Personally, at the very least I think the mfr should reimburse you the cost of having it removed and replacement of your countertop if that should become necessary.

It would seem to me that if you are caused damages as a result of their faulty product, you should be appropriately compensated.

    Bookmark   September 11, 2007 at 1:57AM
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That's pretty bizarre! However, from the sound, I would guess it is porcelain enamel (the glass popping sound). Next, I would speculate that the rim is flimsy and uneven albeit not to the naked eye. Looking at that big basin of water, I would then speculate that the rim flexed under the weight as it settled and popped off the porcelain. Its hard to believe, but that is the only plausible explanation I can come away with. Just wait until you fill the bowls up completely...POPORAMA!

Next, the removal. Unhook the sink and put pressure under the bowl in several areas and see if you can get it to separate anywhere. You can put a fair amount of pressure but not too much. If so, then take a razor blade and keep pressure underneath and slowy work the sink up. If this doesn't work, you can try by slipping a single edge razor under a corner and work it several inches in either direction and then try the underneath pressure process again. Keep working it that way until it gives up. It may take a while but if you are careful, you will likely not damage your counters. If they do get scratched up a bit, try to get a replacement sink (maybe Kohler this time???sorry but actually Lowe's has some well priced Kohler cast iron sinks)a bit larger and refit it cutting out any scratches.

BTW, during this process, watch out for popping porcelain, it will likely continue and as you have probably learned...porcelain enamel can be quite sharp.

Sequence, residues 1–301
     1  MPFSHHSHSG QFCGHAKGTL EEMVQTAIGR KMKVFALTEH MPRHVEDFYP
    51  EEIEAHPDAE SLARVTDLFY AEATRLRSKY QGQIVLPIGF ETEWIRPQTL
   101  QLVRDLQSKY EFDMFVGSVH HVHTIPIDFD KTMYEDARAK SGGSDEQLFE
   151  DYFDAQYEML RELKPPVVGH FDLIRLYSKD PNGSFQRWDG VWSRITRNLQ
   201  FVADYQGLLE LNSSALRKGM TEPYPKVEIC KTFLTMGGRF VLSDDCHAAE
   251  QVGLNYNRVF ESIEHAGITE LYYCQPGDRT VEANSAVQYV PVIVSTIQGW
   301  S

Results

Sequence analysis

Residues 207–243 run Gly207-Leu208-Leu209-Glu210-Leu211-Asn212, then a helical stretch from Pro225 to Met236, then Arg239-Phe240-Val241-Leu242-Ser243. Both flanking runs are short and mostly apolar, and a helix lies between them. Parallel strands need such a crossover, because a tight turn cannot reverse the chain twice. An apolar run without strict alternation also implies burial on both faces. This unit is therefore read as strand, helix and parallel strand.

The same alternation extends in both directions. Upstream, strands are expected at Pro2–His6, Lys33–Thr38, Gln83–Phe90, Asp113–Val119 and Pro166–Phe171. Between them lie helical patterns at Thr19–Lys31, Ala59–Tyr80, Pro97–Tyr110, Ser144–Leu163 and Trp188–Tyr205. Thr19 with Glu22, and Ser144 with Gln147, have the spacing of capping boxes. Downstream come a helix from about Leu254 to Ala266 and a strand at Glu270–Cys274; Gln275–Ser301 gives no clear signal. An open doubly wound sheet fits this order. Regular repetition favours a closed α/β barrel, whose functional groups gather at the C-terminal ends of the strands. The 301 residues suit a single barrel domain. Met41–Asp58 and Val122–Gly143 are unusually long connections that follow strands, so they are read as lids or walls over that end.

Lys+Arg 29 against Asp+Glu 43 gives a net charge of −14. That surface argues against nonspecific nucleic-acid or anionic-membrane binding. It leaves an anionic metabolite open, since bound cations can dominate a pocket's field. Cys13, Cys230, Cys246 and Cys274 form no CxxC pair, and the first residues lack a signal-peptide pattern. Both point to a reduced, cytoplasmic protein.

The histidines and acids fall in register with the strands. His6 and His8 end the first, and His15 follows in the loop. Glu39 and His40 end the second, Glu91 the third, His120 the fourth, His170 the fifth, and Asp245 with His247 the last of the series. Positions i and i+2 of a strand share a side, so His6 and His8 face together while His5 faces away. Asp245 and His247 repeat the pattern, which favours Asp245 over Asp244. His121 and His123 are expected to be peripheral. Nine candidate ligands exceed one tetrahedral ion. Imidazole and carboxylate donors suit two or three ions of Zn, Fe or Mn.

Don't dispair too much, this can be fixed. Good luck and I am going back to take one more look at that video!

    Bookmark   September 11, 2007 at 2:41AM
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Brother is pretty smart. I did not see that suggestion before my post. A guitar string (wire) might be easier to find or small single strand fishing leader wire. Tie a stick on either end and use it to slip underneath the rim...should work pretty well. Using stranded leader wire might "saw" it better but is more likely to leave marks while a small single strand leader/guitar/piano wire should not.

    Bookmark   September 11, 2007 at 2:50AM
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I'd not be taking that sink out myself. If when you're removing it, you "damage" it further, they could say you did it by incorrect removal etc. I know you have picture/video proof that it was happening prior to removal, but I'd let/make Whirlpool advise/remove it themselves. If they damage anything, they can pay to fix that too. Sorry to hear of your "popcorn" sink.

    Bookmark   September 11, 2007 at 3:58AM
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Thanks everyone. You all have good ideas here. I suggested to my husband that we call the manufacturer, but he doesn't want ANYTHING to do with them anymore. He is afraid that they'll send some unqualified person out to do the job, they'll mess up the counter, and our kitchen won't be finished for another 6 weeks while we wait for the new counter to come and be installed... we've done this whole kitchen ourselves and it's taken 10 months because my husband is very anal and very thorough... I think with your suggestions, we can hopefully get this sink out ourselves without damaging the counter. But I might call and try to talk to Whirlpool or Menards anyhow... the easiest thing would be for us to get this out ourselves and return it to Menards... but maybe not the smartest thing. We'll have to think this over. I'm 5 months pregnant and we need to get this kitchen DONE so we can redo the laundry room before baby comes.

I will also put tape all over the outside of the enamel so as it continues to pop off, hopefully the tape will prevent it from flying and injuring someone. I didn't consider further breakage of the enamel - that was a good point. And leather gloves for all.

I do know one thing for sure: the replacement sink will be Kohler.

*sigh* I'll keep you all posted. I appreciate all your insights and tips.

    Bookmark   September 11, 2007 at 11:11AM
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Fori is not pleased

Be careful when pushing up the sink from below--I don't know how well attached laminates are these days. Be sure you're not lifting the laminate from the backer when the sink goes up.